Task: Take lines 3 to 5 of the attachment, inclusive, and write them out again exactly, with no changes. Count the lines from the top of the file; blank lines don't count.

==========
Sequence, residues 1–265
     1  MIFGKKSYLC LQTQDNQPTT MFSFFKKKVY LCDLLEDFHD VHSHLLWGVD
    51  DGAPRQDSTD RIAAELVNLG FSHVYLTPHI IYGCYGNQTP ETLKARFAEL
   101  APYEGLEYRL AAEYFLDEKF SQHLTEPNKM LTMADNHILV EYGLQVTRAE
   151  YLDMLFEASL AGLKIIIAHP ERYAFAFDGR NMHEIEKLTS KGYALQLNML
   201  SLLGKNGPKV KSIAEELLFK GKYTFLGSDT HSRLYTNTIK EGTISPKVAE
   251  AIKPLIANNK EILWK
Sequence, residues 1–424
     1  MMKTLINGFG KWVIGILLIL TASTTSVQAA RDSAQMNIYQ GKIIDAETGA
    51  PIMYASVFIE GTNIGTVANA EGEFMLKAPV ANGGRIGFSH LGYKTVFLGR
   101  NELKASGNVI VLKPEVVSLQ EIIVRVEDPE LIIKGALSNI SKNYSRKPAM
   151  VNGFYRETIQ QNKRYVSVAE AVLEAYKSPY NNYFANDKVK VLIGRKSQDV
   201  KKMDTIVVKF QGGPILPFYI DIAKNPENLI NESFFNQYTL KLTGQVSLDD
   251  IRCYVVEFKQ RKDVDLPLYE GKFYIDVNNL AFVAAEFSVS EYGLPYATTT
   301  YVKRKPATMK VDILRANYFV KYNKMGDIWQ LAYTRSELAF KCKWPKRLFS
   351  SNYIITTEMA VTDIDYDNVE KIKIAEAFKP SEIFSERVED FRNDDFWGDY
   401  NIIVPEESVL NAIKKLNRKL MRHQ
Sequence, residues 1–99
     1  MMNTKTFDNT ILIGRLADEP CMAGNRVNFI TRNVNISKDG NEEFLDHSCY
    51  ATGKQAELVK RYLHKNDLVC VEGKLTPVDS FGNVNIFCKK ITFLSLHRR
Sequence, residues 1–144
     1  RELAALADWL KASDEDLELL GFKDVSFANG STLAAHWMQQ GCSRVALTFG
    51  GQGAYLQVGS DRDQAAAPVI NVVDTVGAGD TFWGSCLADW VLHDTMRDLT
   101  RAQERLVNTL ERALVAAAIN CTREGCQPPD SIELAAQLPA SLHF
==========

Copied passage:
    51  DGAPRQDSTD RIAAELVNLG FSHVYLTPHI IYGCYGNQTP ETLKARFAEL
   101  APYEGLEYRL AAEYFLDEKF SQHLTEPNKM LTMADNHILV EYGLQVTRAE
   151  YLDMLFEASL AGLKIIIAHP ERYAFAFDGR NMHEIEKLTS KGYALQLNML